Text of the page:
Pet lovers who lose their “fur-babies” now have another resource to find them, thanks to the efforts of Palestine Animal Control officers and social media.
“Operation Home Again,” a Facebook page created by Animal Control Officer Michael Hart, aims to educate the public and reunite lost pets with their frantic owners.
Educational videos, low-cost veterinary information, plus a featured “pet of the week,” featuring an adoptable pet from Palestine's BARC Humane Society are a few of the features Hart intends to incorporate on the site.
“This is something I've always wanted to do,” Hart, 44, told the Herald-Press Thursday. “Working here with the city has finally given me the opportunity.”
A pet lover since childhood, Hart has three cats of his own. Formerly an owner of a trucking company before starting with animal control roughly three months ago, Hart said he's fostered pets for adoption for years.
Hart said people's impression of animal control officers is all wrong; although sometimes necessary, officers aren't interested in imposing fines on pet owners. They also do not want to simply drop off animals at the shelter – their goal is in reuniting pets and their families.
“When I find an animal, I'll go back to the same location three of four times that week,” he said. “I'll knock on the same doors, over and over, looking for the owners. I've got about a 75 percent success rate.”
Hart said information on recovered animals will be uploaded to the site in real-time. In order to curtail thieves who “shop” for particular pets, however, no pictures will be provided.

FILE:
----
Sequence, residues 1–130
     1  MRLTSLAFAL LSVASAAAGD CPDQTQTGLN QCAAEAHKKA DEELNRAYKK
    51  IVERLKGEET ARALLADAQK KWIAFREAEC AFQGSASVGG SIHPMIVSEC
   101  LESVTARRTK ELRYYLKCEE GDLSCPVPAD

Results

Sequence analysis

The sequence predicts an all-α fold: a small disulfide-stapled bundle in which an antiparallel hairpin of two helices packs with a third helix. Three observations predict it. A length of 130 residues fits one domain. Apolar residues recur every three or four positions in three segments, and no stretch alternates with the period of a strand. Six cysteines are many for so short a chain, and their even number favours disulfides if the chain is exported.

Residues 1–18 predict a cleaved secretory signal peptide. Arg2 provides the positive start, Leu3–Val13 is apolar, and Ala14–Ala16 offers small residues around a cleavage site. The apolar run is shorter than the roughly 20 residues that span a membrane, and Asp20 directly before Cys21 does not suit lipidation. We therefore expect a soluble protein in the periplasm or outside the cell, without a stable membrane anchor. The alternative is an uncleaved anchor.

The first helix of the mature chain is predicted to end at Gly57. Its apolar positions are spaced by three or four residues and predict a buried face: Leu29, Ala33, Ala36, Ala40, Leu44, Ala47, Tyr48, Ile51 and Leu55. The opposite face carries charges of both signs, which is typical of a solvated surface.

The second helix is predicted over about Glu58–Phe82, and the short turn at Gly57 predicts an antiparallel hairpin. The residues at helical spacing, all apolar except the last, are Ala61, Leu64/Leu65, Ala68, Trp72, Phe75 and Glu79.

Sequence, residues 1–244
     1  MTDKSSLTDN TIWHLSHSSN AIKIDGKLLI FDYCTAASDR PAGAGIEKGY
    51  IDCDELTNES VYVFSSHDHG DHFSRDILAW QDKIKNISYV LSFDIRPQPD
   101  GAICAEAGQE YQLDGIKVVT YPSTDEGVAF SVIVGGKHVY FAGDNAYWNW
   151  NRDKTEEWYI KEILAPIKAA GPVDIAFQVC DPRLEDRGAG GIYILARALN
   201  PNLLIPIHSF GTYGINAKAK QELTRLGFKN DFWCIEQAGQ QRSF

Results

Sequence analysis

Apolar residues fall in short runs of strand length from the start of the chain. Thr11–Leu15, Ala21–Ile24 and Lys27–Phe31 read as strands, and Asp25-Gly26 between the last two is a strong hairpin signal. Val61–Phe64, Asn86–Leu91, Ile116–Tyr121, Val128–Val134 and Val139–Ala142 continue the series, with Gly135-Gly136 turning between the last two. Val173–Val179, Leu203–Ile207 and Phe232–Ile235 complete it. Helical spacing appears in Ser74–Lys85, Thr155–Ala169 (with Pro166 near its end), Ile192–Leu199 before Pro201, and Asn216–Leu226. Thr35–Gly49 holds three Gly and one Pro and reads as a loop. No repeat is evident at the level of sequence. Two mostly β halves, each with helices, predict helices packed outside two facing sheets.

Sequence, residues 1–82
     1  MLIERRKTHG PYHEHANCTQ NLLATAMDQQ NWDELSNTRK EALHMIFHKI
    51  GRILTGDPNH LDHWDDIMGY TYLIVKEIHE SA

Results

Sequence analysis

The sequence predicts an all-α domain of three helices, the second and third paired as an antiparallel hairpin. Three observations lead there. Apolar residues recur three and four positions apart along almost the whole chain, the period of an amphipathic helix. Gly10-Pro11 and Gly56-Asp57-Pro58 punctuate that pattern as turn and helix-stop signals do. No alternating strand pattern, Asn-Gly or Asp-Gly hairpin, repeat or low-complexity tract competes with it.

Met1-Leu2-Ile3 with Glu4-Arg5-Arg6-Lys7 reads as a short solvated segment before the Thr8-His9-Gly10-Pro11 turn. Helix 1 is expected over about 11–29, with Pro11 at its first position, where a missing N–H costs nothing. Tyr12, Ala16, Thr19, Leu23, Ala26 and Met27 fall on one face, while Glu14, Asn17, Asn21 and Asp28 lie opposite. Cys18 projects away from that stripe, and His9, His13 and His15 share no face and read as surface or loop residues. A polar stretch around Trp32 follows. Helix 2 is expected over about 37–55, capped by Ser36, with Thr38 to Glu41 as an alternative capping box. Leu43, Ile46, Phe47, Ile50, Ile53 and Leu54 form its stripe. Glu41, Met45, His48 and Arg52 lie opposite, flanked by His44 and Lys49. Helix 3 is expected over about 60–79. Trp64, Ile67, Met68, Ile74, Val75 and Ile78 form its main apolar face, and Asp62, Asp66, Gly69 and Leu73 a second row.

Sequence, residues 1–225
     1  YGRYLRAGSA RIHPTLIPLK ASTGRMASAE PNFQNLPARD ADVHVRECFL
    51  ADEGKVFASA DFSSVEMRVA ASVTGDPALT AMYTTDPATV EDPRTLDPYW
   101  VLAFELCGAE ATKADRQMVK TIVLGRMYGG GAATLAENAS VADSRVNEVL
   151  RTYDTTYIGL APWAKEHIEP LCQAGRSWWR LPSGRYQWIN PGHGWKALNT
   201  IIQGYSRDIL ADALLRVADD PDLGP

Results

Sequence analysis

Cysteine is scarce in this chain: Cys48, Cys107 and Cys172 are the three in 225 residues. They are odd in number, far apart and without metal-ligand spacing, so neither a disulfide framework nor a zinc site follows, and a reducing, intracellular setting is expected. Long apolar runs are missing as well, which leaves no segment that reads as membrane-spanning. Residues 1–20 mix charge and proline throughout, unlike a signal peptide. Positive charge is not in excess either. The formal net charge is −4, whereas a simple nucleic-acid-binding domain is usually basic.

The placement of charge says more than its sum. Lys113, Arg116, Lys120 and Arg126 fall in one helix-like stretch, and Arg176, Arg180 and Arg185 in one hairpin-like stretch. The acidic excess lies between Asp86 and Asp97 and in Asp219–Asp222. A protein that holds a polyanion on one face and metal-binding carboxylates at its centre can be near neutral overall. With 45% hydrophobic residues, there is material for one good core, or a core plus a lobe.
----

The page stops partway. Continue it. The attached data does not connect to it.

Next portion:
“We really want people to visit the Humane Society and see what they're all about, anyway,” Hart said.
Animal Control Officer Travis Berryhill, 30, told the Herald-Press although his job entails having to bring animals to the shelter, he'd rather it not be necessary.
“Pets don't want to go to the shelter,” he said. “They want to go home; anything we can do to make that happen, we will.”
To that end, Hart said he and Berryhill are trying to acquire “chip-scanners” that can read microchipped pets in the field.
“They would save both money and time,” he said. “If we catch a dog or cat, scan them, and find out they live just a few doors or a block away, the animal never has to go to the shelter.”
The problem with acquiring the Home-Again scanners, Hart said, is the price. At $400 apiece, it's not in animal control's budget at present.
“We're trying to raise the funds,” he said.
Hart and Berryhill said they are grateful for the help and support they've received from the Palestine Police Department and Chief Andy Harvey in their efforts to reunite animals with their owners, while lowering the number of dogs and cats at the shelter.
Harvey said the appreciation is mutual.
“I love that we have Animal Control officers like Michael and Travis that are passionate about animals,” he said. “They want to be more proactive in reuniting pets with their owners and better educate the public. This was totally their idea.”
For more information, visit the Palestine Animal Control Facebook page, “Operation Home Again,” or call 903-731-8443.
For more information on adopting animals, call BARC at 903-729-8074, or visit their website at: https://barctx.org/